U.S. halts Turkish visas after arrest of employee

Posted: October 9, 2017 at 3:50 a.m.
Updated: October 9, 2017 at 3:50 a.m.

ISTANBUL -- The U.S. said Sunday that it was suspending nonimmigrant visa services at its diplomatic facilities in Turkey, after the arrest of a consulate employee.

The U.S. Embassy in the Turkish capital of Ankara tweeted a statement from the U.S. Mission to Turkey saying that recent events have forced it to "reassess the commitment of the Government of Turkey to the security of U.S. Mission facilities and personnel."

The Turkish Embassy in Washington responded with a similar statement on Twitter late Sunday and said it would "reassess the commitment of the Government of the United States to the security of Turkish mission facilities and personnel." It said the measures would apply to e-Visas, visas issued at borders and visas in passports.

Last week, Turkish authorities arrested a U.S. Consulate employee of Turkish nationality, accusing him of having links to the network of U.S.-based cleric Fethullah Gulen who the Turkish government blames for last summer's failed coup. Gulen denies involvement.

Metin Topuz is accused of espionage and "attempting to overthrow the Turkish government and constitution." Turkey's official Anadolu news agency reported last week that he allegedly communicated with former police chiefs in a 2013 corruption probe, 121 people involved in the attempted coup and hundreds of others using an encrypted mobile messaging application.

The U.S. said Thursday that the government was "deeply disturbed" by the arrest, terming charges against Topuz "wholly without merit," and by leaks from Turkish government sources seemingly aimed at "trying the employee in the media rather than a court of law." Turkey responded by saying the arrested Turkish citizen wasn't part of the U.S. Consulate's staff but was a "local employee."

The statement said the suspension of nonimmigrant visa services was "effective immediately" to minimize visitor numbers to the U.S. Embassy and Consulate for now. The suspended services will affect business, tourism, medical treatment, student, exchange visitor, crew member, media and journalist, treaty trader, diplomatic and official visas.

Meanwhile, the Istanbul prosecutor's office charged Amnesty International's Turkey chief and 10 others, alleging ties to and cooperation with terror groups in an indictment completed Sunday, according to the country's official news agency.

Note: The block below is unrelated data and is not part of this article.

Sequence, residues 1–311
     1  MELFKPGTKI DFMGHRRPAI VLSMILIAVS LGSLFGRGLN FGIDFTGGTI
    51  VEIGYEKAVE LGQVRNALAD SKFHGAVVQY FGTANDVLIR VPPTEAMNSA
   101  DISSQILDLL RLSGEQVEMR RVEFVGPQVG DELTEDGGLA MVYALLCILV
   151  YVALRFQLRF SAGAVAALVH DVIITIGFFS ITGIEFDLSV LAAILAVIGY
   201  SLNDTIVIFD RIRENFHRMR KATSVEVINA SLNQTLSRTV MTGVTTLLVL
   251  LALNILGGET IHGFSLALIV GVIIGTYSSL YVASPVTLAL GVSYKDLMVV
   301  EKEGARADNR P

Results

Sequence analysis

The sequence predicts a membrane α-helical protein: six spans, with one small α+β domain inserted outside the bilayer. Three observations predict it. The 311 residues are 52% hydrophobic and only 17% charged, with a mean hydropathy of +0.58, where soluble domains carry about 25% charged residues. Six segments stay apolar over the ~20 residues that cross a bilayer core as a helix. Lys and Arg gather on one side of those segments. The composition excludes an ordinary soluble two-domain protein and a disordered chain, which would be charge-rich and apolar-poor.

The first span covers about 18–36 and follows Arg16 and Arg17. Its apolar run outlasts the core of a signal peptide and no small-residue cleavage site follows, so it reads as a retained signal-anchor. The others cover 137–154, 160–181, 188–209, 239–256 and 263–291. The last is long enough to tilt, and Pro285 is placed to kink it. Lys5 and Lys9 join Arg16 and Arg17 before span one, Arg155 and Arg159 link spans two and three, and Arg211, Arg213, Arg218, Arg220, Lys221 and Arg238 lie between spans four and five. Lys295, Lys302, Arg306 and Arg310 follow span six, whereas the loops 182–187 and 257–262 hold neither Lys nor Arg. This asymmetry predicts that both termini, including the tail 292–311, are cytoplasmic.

The Anadolu news agency said officials concluded an investigation into the 11 human-rights activists, who are now awaiting trial. The 17-page indictment was prepared by the prosecutor's office's terror-crimes branch.

Police detained 10 human-rights activists during a workshop on digital security at a hotel near Istanbul in July. Eight people, including Amnesty International's director in Turkey Idil Eser, German Peter Steudtner and Swede Ali Gharavi, were arrested. Two others were detained but released pending trial.

They are accused of aiding armed terror organizations in alleged communications with suspects linked to Kurdish and left-wing militants as well as the movement led by Gulen.

The indictment includes a "secret witness" who claimed the activists were engaged in illegal activities during the workshop, according to Anadolu.

The case of Amnesty International chairman Taner Kilic, a lawyer imprisoned in June after his arrest in the western province of Izmir, has also been added on to the indictment. He was accused of using an encrypted mobile messaging application, allegedly used by Gulen's network.

The arrest of Steudtner and other Germans has been a cause of serious friction between Berlin and Ankara, and German Foreign Minister Sigmar Gabriel said the announcement of charges was a matter of "great concern."

He called the accusations against Steudtner "absolutely incomprehensible" and the threat of 15 years in prison for him "unacceptable," saying that his office had immediately contacted the Turkish government.

"We continue to do everything we can to bring the imprisoned German citizens, including Peter Steudtner, back to Germany," Gabriel said in a statement.

U.S. pastor Andrew Brunson, who has lived in Turkey for over 20 years, has also been behind bars for a year over allegations of links to Gulen. Last month, Turkish President Recep Tayyip Erdogan said the U.S. was pressing Turkey to return a "cleric" while refusing to hand over another "cleric."

More than 50,000 people have been arrested and 110,000 have been fired from government jobs as part of a state of emergency declared after the failed coup.

Information for this article was contributed by Tugce Ozsoy of Bloomberg News and by staff members of The Associated Press.

A Section on 10/09/2017